Word-Of-the-Week #682: Guffaw

August 31, 2017 by · Comments Off on Word-Of-the-Week #682: Guffaw 

Guffaw – a hearty, boisterous burst of laughter.

When was the last time you experienced true, unforced laughter? Do you remember what triggered it and how it made you feel? Do you know that laughter can have a positive impact on your health?

This Chicago Tribune article by Marissa Levin, “FUNNY BUSINESS Cutting up at work offers host of benefits. Corporate America needs to loosen up” is so on target and a major point I make in my speeches.

“According to research from Wharton, MIT and the London Business School, giggles and guffaws offer several business benefits. Laughter can relieve stress and boredom, boost engagement and well-being and spur not only creativity and collaboration, but also focus and productivity, Harvard Business Review notes.

Babies laugh about 400 times a day; people over 35, only 15, Harvard reports. A recent study of Gallup data for the U.S. found that we laugh significantly less on weekdays than we do on the weekends.

With the onslaught of negative information coming at us these days, going to an office that values fun helps us to maintain perspective and optimism.

At my first company, Information Experts, we had a Good Times Committee (GTC) that was responsible for planning fun events. We had a line item in our budget for fun. No matter what the day held, we knew there would be some laughter along the way.

  • This week features 2 ways workplace goofiness can improve your culture and bottom line.

Laughter keeps us focused on tasks.

In a study, psychological scientists David Cheng and Lu Wang of the University of New South Wales found that people who watched a funny video clip spent twice as long on a tedious task compared to people who watched neutral or positive (but not funny) videos.

“There has been increasing recognition that humor may have a functional impact on important behaviors in the workplace, and that exposure to humor may increase the effectiveness of employees,” Cheng and Wang write.

Laughter is a great natural team builder.

A study from the staffing firm Accountemps revealed that nearly 80 percent of executives said an employee’s sense of humor is important for fitting into the company’s corporate culture.

Mike Steinitz, executive director of Accountemps, said an employee’s sense of humor can boost morale and improve connections with co-workers.

  • “Creating a positive and friendly work environment can lead to higher levels of employee engagement and productivity.”

Humor also can lighten the mood when something goes wrong.

  • “Not all business matters are funny, but a little levity can go a long way, particularly when it comes to defusing tension or recovering from a minor mishap,” he said. “There’s nothing like a joke to put people at ease.”

This week is all about guffaws. How would you rate your sense of humor? How often do you laugh in any given day? Do you work in a positive friendly environment? Are you fully engaged and productive?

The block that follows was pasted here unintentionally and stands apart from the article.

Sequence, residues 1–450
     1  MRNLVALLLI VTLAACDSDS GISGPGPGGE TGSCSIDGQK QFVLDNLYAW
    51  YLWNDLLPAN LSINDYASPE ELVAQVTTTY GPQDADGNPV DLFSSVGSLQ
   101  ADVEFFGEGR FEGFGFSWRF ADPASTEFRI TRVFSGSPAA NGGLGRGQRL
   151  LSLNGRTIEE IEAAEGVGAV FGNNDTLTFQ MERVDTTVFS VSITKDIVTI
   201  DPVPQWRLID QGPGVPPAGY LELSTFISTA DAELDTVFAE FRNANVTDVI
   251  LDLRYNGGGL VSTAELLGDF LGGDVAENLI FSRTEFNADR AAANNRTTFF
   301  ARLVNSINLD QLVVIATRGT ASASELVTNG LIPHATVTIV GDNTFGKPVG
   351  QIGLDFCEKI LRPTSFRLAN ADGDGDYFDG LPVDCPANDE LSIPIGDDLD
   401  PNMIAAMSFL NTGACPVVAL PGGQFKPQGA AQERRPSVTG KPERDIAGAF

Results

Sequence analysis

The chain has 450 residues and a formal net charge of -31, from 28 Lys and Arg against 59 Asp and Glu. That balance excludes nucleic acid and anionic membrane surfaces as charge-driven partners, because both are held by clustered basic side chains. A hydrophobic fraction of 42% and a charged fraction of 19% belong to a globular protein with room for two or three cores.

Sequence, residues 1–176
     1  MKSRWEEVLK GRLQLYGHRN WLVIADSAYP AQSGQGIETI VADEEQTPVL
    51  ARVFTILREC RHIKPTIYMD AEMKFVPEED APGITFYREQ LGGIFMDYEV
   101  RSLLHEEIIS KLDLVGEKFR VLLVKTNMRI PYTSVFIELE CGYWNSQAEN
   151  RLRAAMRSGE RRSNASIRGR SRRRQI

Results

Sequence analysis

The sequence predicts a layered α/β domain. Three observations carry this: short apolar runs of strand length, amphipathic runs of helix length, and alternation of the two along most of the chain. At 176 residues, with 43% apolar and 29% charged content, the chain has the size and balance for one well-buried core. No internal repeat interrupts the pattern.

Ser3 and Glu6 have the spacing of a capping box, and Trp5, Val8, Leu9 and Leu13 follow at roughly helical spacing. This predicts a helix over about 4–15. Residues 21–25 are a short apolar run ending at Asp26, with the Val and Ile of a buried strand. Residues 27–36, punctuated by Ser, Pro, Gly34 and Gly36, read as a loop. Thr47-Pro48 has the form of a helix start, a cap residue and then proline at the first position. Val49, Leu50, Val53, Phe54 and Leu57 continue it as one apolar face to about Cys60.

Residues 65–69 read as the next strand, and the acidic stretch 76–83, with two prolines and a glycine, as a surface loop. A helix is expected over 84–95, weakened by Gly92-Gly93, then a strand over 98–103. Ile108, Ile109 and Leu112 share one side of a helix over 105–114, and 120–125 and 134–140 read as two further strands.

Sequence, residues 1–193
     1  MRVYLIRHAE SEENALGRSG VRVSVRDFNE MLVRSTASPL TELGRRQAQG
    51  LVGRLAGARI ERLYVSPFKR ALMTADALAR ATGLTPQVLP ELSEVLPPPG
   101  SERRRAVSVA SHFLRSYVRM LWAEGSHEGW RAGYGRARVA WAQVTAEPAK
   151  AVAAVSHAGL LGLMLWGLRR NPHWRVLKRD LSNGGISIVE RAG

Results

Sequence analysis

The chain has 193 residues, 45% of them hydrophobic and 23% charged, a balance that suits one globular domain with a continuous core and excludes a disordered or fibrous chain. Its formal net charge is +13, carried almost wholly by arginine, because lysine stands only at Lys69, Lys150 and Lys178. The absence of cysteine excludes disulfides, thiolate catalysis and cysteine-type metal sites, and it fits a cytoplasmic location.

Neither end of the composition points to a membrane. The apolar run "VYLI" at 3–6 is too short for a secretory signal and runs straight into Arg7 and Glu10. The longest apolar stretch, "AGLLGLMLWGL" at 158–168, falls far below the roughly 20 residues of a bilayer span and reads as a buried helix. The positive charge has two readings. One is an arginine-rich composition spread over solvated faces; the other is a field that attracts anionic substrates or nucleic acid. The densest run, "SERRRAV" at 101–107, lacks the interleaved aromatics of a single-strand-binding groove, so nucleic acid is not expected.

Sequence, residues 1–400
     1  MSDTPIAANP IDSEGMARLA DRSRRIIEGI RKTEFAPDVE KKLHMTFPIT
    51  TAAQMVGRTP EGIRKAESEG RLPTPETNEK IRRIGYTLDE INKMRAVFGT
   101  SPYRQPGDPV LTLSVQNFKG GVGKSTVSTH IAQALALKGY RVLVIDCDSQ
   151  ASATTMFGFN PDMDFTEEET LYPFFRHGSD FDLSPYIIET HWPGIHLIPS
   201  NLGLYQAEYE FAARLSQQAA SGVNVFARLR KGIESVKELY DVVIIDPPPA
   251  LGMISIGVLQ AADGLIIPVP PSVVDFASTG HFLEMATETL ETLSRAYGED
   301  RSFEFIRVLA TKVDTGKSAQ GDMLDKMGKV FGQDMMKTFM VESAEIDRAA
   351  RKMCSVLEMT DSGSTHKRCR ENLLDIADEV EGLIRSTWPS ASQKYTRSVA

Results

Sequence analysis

Stay Tuned! Next week 2 more ways workplace goofiness can improve your culture and bottom line.

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WOW Word-Of-the-Week #381: Guffaw

November 22, 2011 by · Comments Off on WOW Word-Of-the-Week #381: Guffaw 

Guffaw – a hearty, boisterous burst of laughter.

When was the last time you experienced true, unforced laughter? Do you remember what triggered it and how it made you feel? Do you know that laughter can have a positive impact on your health?

This week’s WOW is the polar opposite of last weeks on upsets. It’s important to have balance! In a Washington Post article titled, “HEALING POWER OF LAUGHTER – IT’S NO JOKE : Research shows a good yuk helps immune system, reduces stress” author Carolyn Butler writes, “There is a growing body of research indicating that a good guffaw may improve immune function, help lower blood pressure, boost mood and reduce stress and depression.

“A new study from Oxford University supports a long-held theory that laughter triggers an increase in endorphins, the brain chemicals that can help you feel good, distract you from pain and maybe deliver other health benefits. Research shows that people who laugh need less pain medication after surgery.”

Grandaughter Guffaw

“The key is that real, true, unforced laughter is an energetic, stressful activity that stirs up all of our physiological systems …involving strong vocalization, an increase in heart rate and blood pressure and muscle contractions all over the body,” says Robert Provine, a neuroscientist at the University of Maryland. Endorphins are released only when we laugh till it hurts.”

Provine goes on to say, “Real laughter is unconscious – you don’t decide to laugh; it just happens And when you laugh, you’re almost always in the presence of another person, whether they’re physically present or imagined on radio or TV. Laughter in social settings is 30 times as common as when a person is alone.” People are far more likely to giggle when others do. It could be that it’s the playful interaction with friends, family and lovers that makes the difference.”

For my long time subscribers and audience members you’ve heard this before. And I don’t think we can be reminded too often about the benefits of hearty laughter. So this week focus on who you laugh with. Is it one of your favorite customers, guests, members or clients? Is it one your family members? Or is it one of your friends? The Holidays don’t have to cause “upsets.”  All you have to do is stay balanced with some good guffaws!